Ni No Kuni 2: Revenant Kingdom (Playstation 4 Review)
We are told we can be anything from a very young age, but rarely are we ever told we can only be one thing. As children we are allowed the delusion that one day we might become an astronaut, but when it comes to Evan he has only ever been told he can be one thing – a King. Be it through choice, or happenstance, we all confront our future one day. In Ni No Kuni 2, the future is now and Evan is forced to take on a mantle he wasn’t prepared for and we are strapping ourselves in for the ride.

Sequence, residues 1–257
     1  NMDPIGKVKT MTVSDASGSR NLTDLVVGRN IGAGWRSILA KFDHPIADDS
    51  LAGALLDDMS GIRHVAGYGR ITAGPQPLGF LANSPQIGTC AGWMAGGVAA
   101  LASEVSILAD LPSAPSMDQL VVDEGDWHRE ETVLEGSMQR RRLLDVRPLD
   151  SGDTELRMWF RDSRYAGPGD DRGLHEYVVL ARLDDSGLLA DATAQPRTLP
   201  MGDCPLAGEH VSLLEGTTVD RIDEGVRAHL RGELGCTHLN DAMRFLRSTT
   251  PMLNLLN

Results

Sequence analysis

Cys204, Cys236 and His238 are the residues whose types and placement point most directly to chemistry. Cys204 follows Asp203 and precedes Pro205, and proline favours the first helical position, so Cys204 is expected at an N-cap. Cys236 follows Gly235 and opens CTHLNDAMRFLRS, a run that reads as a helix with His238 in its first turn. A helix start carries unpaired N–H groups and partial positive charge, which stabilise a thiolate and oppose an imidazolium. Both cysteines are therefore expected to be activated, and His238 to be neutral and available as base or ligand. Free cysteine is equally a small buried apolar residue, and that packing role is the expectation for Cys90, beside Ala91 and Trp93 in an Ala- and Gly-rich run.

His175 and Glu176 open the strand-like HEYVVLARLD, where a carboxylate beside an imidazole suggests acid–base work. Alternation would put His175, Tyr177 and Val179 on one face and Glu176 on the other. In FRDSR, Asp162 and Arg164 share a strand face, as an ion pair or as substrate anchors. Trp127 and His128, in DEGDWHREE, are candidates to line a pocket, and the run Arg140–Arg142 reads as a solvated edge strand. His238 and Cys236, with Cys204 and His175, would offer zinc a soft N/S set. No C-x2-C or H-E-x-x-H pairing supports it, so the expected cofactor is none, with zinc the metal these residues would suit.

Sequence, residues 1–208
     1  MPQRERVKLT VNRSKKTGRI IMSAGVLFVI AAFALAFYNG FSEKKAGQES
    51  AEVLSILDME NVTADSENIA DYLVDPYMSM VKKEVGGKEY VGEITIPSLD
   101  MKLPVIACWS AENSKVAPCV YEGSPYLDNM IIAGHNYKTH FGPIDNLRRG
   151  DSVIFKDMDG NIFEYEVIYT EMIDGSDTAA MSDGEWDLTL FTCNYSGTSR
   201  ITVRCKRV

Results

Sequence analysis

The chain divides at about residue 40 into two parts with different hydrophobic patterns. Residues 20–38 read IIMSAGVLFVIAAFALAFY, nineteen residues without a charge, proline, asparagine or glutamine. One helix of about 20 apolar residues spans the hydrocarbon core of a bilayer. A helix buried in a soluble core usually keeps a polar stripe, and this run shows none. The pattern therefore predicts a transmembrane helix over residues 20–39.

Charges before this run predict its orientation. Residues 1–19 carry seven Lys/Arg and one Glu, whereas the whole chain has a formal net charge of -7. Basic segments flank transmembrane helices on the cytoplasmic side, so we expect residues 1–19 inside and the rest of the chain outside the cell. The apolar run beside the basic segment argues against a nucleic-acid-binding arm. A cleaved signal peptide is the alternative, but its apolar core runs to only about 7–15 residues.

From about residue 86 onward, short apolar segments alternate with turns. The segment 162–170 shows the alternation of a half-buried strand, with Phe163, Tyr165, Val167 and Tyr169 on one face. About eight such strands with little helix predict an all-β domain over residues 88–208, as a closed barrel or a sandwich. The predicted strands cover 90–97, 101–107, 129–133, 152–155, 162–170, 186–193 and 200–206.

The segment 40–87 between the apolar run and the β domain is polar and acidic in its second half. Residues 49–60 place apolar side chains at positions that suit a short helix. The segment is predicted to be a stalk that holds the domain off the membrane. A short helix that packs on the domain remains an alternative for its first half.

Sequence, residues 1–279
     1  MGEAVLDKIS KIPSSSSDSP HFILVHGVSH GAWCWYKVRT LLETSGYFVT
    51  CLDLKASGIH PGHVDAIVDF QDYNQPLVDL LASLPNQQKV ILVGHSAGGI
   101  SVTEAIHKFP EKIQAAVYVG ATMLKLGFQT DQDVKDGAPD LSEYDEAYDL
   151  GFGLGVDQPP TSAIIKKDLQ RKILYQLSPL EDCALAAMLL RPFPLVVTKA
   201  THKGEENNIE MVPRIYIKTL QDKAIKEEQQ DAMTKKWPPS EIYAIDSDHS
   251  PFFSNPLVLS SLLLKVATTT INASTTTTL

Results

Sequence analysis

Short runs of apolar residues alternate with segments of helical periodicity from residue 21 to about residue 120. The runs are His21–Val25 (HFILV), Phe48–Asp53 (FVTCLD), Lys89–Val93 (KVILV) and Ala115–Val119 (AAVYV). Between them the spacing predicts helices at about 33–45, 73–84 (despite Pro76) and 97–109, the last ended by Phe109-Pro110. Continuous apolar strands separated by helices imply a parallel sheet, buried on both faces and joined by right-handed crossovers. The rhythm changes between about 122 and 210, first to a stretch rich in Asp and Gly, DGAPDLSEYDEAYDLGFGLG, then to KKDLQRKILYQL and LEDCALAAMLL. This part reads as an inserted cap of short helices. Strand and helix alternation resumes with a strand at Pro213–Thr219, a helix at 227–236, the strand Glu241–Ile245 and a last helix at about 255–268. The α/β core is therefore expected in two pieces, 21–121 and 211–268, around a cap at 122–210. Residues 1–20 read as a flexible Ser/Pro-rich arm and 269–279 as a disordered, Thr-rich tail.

After Mausinger successfully assassinates Evan’s father, Evan finds himself face to face with a stranger from another world, Roland. As the two worlds try to understand their place in this now shared universe, they realise that they need to work together in order to survive. While the pair’s relationship begins to blossom, they stand on the edge of a new world and promise to unite the old under its banner. From there we are treated to an eclectic cast that assembles a group of pirates, technological wizards, and otherworldly spirits in order to help Evan fill the boots of his father. Between chapters we meet an unknown being that confronts Evan while he sleeps. At its heart, Ni No Kuni 2 is definitely a coming of age story, but it’s also a story of sacrifice that asks players to buy in to this magical world and overcome the boundaries and beliefs that separate us all. For one moment, no matter how short, we all have to put our differences aside and face down our snake hooded oppressors and their giant glowing horned beasts – or something like that. It’s a punctual and engrossing story that asks you to play on for another hour even when you should really be doing the housework, which is more than can be said for rather samey and extensive side quests.